That is the title’s “private war.” When everyone is told to run, Colvin heads in closer to make sure those poor, helpless casualties aren’t forgotten. It’s why her The Sunday Times editor Sean Ryan (Tom Hollander) sends her to locales she believes are being underserved and why he can’t ever be certain she’ll get the job done before finding herself strapped to a hospital bed or worse. So it’s hardly surprising that Paul Conroy (Jamie Dornan) would ultimately become the one photographer she actually likes being that he served in the army, knows first-hand what’s at stake, and is almost as fearless as she. Even he can only be the voice of reason half the time, though. The other half has him following so she’s not forgotten either.
This film is concrete proof that doing so is impossible. Its snapshots amidst chaos and destruction become the perfect setting for Colvin’s psychology, motivations, and contradictions to be laid bare. We don’t need more with her ex (Greg Wise’s David Irens) than his inability to accept that what she does is more than just a career to understand that chapter in absentia. We don’t need more than her later boyfriend Tony Shaw’s (Stanley Tucci) smile or a heartfelt kiss atop her sightless eye to understand the stability and love he provided. And after hearing her tell Conroy about all her regrets, we see that they will never overpower her desire to ensure she never creates more where her innocent subjects caught on the battlefield are concerned.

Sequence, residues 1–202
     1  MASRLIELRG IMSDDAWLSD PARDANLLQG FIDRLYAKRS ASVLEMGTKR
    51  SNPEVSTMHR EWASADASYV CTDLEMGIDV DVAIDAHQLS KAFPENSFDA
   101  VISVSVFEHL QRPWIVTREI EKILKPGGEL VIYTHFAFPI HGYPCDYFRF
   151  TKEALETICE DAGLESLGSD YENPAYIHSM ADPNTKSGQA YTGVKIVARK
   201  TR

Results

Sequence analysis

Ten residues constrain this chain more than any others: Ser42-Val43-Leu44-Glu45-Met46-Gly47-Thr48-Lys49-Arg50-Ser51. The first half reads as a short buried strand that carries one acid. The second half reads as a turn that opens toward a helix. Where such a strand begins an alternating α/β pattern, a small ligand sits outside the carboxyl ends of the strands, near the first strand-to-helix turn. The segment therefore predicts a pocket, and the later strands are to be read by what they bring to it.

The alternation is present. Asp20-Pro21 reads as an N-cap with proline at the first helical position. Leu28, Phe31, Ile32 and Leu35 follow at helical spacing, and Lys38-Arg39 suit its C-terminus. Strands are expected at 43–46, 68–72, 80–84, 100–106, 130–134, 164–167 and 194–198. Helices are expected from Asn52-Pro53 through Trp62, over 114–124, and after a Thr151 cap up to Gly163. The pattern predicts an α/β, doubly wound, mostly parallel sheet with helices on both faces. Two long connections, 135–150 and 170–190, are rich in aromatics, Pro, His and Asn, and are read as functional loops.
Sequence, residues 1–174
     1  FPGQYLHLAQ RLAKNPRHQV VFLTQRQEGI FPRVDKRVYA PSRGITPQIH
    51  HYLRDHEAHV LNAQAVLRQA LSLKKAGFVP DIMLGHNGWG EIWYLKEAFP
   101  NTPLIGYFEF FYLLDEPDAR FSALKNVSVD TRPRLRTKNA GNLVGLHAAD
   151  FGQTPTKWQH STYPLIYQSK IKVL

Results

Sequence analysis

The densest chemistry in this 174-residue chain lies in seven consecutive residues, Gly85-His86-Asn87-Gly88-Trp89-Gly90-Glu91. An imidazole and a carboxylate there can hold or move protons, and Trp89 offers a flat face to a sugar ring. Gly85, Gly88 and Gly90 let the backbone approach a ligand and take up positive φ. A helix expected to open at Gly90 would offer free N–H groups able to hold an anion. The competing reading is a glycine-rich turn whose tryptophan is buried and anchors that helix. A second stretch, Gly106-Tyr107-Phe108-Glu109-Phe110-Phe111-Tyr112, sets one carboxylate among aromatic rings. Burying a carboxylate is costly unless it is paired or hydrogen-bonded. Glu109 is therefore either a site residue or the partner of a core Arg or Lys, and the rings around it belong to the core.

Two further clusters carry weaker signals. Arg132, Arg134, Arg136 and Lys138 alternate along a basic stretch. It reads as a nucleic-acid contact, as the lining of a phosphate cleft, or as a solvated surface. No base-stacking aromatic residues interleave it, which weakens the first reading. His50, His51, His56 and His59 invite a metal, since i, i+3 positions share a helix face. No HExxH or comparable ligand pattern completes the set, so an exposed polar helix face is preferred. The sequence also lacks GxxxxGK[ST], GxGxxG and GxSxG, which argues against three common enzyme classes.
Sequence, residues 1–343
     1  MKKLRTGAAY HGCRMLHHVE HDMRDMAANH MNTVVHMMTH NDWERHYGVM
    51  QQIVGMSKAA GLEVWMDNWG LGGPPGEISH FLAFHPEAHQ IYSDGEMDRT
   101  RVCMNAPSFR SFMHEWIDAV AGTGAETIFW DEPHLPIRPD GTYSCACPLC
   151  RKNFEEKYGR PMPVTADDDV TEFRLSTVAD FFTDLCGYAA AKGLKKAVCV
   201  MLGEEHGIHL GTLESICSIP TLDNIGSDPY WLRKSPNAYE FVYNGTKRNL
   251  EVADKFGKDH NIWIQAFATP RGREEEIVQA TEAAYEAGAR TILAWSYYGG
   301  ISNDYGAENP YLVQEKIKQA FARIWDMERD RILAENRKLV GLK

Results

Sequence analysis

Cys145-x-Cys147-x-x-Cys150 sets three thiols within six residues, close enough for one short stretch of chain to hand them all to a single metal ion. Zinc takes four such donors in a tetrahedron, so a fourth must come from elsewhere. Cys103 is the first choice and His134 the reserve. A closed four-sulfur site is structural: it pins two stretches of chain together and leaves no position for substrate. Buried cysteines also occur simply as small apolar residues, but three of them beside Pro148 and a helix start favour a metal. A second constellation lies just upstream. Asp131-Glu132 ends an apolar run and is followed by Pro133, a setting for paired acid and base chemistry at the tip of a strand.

These inferences become fact through Pike’s magnificently inspirational performance. Heineman places her inside nightmarish environments and she handles each with a compassionate humanity and justifiable rage that we sadly don’t see enough of these days. Her tenacity will force us to take note of her actions, but it’s her vulnerability that exposes the woman behind the legend. She’s so fully committed to this role that the actors around her can’t help but give their best through sheer reactionary impulse. There’s a scene with Hollander towards the end that highlights his internal tug-of-war between being friend and boss that will remind you he has the goods for more than his usual comic relief. And Dornan shedding his Christian Grey sociopathy to become her brother-in-arms can’t help but stand out.
Part of why the performances work so effectively is that Heineman uses his documentary sensibilities to capture them with sensory context above dialogue alone. It’s almost as though he filmed three times the amount of footage we see and chose to edit it in a way that augments the whole rather than each solitary moment moving from A-to-B. Those interactions back home with friends work to give depth to her joy and pain. The ones that occur in the field lend substantive evidence towards her personal mission to get underneath the politics and write the truth. Heineman progresses through the years with purpose as far as showing Colvin’s relationship with war above all else. Rather than straight biography, A Private War proves an emotionally poetic representation of identity.
A Private War is now in theaters.